Boris Johnson accuses police of ‘wasting time’ on anti-transgender crime instead of tackling stabbings

 Boris Johnson accuses police of ‘wasting time’ on anti-transgender crime instead of tackling stabbings

Former foreign secretary Boris Johnson described the police as 'wasting time' on anti-transgender crime.

Monday, February 11, 2019

Boris Johnson has accused the police of “wasting time” arresting women accused of being anti-transgender, when he suggests the manpower could be used to tackle knife crime.

The former foreign secretary told the story of Kate Scottow who was arrested by three police officers after she called a transgender woman a man on twitter.

 

 

Writing in his Sunday Telegraph column, Mr Johnson asked: “Is this really the right way to fight crime? Is this what our brave police officers signed up to do?

“Are you really telling me that it is a sensible ordering of priorities to round up Twitter-borne transphobes and chuck them in the clink, when violence on the streets would seem to be getting out of control?”

Mr Johnson described the incident as a “peculiar abuse of manpower”, as the NHS reported a 54% increase in stabbings in the year ending March 2018.

 

'Perverted sense of fashion'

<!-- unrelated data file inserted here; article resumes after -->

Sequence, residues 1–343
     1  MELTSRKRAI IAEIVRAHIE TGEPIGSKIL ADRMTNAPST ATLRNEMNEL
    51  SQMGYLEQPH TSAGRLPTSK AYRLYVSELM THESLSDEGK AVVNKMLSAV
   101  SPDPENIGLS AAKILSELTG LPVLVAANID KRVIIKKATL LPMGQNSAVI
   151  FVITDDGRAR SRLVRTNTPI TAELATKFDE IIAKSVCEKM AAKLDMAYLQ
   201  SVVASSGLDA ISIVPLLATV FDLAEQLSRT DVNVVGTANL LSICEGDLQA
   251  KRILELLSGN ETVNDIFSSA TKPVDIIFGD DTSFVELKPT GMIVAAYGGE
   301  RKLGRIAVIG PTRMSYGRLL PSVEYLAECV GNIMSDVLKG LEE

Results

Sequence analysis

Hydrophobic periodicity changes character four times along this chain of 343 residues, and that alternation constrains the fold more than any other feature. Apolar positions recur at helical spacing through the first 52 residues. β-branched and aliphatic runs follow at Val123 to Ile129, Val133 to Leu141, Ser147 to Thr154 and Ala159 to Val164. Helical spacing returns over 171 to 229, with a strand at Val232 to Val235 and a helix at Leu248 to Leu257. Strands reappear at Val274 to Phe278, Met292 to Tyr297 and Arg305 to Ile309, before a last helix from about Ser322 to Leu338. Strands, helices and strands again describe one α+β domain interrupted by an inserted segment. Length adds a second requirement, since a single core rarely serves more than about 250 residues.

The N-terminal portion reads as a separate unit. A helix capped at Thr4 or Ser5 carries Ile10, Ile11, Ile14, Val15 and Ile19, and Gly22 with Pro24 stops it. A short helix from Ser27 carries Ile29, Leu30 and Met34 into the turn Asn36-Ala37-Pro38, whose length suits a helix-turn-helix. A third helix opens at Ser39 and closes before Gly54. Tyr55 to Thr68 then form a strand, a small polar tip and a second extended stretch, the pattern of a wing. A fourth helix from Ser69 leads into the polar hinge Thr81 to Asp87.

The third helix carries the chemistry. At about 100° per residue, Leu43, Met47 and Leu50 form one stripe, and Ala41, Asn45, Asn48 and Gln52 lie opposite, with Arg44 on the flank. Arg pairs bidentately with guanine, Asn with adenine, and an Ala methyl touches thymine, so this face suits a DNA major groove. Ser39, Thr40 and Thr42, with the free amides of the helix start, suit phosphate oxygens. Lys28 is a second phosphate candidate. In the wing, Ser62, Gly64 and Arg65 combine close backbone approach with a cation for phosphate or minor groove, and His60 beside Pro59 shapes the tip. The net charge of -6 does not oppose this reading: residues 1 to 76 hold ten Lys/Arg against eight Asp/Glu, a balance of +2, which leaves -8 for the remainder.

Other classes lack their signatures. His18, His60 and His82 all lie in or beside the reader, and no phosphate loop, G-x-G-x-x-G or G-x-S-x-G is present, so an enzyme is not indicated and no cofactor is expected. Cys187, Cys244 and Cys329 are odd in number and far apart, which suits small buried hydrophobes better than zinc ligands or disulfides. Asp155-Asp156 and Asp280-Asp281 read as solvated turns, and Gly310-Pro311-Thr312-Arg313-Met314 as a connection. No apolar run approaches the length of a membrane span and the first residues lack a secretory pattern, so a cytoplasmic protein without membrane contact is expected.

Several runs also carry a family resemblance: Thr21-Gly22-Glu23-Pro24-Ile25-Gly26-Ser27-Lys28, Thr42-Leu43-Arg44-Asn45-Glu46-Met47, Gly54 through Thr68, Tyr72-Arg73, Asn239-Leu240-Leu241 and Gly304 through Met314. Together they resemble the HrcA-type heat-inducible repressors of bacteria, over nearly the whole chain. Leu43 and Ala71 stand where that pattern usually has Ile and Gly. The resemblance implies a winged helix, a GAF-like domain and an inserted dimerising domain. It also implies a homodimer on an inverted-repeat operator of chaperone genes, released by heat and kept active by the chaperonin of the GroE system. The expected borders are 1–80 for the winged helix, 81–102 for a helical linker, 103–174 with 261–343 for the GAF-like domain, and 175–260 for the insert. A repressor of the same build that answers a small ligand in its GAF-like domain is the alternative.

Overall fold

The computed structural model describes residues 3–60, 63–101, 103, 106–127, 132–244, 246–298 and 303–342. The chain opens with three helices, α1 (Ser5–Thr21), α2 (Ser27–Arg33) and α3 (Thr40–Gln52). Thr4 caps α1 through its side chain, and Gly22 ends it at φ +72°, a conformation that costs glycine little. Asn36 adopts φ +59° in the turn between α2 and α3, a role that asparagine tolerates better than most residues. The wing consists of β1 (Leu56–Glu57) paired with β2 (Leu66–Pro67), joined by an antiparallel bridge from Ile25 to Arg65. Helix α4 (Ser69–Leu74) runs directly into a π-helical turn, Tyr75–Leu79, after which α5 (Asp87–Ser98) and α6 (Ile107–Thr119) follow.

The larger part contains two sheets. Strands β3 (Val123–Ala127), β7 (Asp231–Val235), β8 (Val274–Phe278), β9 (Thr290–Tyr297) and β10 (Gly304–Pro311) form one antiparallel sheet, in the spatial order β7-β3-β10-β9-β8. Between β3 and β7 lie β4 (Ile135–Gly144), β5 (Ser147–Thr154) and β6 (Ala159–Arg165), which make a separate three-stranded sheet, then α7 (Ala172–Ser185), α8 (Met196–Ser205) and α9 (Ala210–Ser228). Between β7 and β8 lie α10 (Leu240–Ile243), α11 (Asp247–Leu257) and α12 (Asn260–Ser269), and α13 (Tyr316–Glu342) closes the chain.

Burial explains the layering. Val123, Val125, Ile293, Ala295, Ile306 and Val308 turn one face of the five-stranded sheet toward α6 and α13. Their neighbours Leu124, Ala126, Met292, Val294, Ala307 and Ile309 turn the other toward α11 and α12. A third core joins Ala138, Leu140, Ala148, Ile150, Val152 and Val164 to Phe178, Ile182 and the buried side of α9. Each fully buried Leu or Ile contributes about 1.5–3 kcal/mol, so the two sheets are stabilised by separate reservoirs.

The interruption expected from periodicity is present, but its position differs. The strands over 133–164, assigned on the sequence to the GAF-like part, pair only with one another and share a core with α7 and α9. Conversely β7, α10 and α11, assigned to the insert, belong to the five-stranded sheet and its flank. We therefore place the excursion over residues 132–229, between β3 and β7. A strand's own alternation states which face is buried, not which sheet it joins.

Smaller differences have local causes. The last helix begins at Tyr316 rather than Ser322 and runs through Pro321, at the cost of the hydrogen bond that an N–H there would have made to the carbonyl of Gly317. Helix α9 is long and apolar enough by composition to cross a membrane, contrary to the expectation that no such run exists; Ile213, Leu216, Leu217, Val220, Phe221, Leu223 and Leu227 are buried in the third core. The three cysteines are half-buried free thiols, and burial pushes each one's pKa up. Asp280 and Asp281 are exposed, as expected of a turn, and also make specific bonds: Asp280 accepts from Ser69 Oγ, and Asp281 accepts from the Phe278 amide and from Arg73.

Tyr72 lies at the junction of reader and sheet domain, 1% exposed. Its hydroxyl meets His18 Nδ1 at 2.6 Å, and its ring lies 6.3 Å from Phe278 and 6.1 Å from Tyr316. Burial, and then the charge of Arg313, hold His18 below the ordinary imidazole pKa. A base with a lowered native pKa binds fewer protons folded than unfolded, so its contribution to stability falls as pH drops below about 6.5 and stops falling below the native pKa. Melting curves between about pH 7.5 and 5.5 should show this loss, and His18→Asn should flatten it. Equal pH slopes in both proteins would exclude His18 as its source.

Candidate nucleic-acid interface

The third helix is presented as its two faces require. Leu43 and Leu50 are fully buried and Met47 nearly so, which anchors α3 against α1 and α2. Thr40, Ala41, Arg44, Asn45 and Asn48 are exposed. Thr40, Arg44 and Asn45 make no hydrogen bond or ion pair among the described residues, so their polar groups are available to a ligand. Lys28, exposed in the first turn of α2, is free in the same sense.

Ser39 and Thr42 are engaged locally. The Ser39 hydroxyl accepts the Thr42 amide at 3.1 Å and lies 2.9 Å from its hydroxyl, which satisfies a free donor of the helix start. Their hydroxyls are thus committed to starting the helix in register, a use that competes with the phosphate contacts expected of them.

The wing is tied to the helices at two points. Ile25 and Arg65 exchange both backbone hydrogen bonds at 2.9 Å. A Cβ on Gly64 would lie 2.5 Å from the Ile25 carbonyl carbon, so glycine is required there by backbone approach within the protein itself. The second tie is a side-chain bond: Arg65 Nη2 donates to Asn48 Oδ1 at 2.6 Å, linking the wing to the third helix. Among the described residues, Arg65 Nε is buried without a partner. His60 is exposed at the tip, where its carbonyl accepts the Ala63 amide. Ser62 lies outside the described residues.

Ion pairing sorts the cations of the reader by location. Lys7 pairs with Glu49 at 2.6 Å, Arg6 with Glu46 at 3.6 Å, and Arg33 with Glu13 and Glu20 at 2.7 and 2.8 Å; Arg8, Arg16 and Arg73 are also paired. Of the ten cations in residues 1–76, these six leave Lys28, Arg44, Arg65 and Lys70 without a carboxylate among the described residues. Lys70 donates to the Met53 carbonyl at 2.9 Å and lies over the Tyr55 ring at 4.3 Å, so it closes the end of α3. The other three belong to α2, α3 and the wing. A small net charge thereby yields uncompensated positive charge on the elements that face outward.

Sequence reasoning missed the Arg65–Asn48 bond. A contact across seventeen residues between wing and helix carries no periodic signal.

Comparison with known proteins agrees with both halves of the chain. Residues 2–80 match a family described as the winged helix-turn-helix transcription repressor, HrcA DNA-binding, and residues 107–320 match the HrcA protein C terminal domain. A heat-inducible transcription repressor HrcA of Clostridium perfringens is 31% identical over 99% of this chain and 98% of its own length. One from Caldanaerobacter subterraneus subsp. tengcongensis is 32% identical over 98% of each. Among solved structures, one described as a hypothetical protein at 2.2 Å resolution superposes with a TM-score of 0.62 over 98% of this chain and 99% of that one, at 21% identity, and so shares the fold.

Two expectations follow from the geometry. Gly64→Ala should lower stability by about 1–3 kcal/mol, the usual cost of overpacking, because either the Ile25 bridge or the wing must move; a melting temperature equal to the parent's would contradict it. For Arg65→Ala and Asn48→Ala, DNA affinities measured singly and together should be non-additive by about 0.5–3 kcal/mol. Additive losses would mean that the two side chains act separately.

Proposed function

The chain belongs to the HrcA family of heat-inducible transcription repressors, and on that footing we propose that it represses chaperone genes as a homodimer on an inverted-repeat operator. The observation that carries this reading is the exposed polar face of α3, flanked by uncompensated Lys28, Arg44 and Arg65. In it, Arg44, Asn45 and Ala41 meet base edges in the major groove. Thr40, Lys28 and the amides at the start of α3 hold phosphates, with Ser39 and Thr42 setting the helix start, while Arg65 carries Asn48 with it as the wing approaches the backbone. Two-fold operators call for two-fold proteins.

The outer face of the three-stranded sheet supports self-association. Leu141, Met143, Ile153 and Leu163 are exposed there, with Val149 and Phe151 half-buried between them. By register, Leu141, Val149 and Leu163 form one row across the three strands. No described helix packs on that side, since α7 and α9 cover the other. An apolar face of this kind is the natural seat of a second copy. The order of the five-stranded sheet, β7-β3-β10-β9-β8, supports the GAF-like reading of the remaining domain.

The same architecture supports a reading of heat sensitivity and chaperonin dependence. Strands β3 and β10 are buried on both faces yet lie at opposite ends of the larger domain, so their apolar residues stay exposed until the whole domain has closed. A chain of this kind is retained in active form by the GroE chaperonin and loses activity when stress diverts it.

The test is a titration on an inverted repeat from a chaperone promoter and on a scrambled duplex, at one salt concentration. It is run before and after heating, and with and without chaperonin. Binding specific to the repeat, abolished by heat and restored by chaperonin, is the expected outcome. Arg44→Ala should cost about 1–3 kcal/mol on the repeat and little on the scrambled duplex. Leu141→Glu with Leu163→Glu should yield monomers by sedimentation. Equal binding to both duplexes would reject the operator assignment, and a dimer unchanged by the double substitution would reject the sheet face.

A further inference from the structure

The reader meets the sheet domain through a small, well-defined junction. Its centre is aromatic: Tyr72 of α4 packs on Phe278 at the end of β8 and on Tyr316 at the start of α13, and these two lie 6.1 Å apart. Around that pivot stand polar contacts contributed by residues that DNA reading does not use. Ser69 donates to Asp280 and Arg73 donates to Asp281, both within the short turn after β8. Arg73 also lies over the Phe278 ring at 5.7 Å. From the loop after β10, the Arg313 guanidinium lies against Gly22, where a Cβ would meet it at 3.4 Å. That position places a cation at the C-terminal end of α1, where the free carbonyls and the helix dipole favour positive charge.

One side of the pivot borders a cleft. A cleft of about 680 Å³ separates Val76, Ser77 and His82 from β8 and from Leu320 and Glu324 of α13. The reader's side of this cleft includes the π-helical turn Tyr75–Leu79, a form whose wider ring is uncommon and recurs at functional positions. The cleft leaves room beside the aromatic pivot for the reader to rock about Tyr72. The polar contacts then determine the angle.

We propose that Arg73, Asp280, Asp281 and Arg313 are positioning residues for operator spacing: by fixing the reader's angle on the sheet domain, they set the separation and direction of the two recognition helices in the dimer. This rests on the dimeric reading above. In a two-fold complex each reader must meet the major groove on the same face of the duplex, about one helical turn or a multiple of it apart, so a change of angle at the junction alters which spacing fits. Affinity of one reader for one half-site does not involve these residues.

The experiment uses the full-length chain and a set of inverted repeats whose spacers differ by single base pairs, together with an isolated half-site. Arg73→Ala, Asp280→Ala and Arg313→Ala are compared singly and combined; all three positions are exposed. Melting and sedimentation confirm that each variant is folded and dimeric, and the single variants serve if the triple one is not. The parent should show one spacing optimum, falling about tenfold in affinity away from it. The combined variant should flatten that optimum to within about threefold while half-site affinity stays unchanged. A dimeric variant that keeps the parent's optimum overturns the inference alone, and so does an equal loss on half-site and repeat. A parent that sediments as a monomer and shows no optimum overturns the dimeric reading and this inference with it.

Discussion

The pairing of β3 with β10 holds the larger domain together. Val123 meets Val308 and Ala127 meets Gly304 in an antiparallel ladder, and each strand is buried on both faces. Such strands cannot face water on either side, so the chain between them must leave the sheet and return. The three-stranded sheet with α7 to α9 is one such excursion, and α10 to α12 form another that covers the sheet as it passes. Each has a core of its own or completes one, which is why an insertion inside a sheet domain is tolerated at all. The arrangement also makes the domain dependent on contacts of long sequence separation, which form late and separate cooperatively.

Mr Johnson said that teenagers were not motivated to carry a knife by “fear”, but by “fashion.

He said that he had paid for “ping-pong parlours” and mentoring programmes to tackle knife crime while he was Mayor of London, but that teenagers were really motivated by a “perverted sense of fashion”.

“I am sure that all these interventions did at least some good, but as we wrestled with the crisis I remember coming suddenly to a cynical conclusion about knife crime, and what it was that really motivated a kid to carry a knife,” he said.

 

 

“It wasn’t fear; it wasn’t necessity. I am afraid that after talking to endless gang leaders and members I came to the conclusion that the strongest driver in the knife epidemic was really a perverted sense of fashion.

“I decided that carrying a knife in defiance of the authorities was partly seen as a sign of status, of cool.

“It was intended to convey a sense of menace and machismo, and it seemed to us that young people who were carrying a bladed weapon were making a cynical calculation that they would get away with it – because the police would never catch them.”

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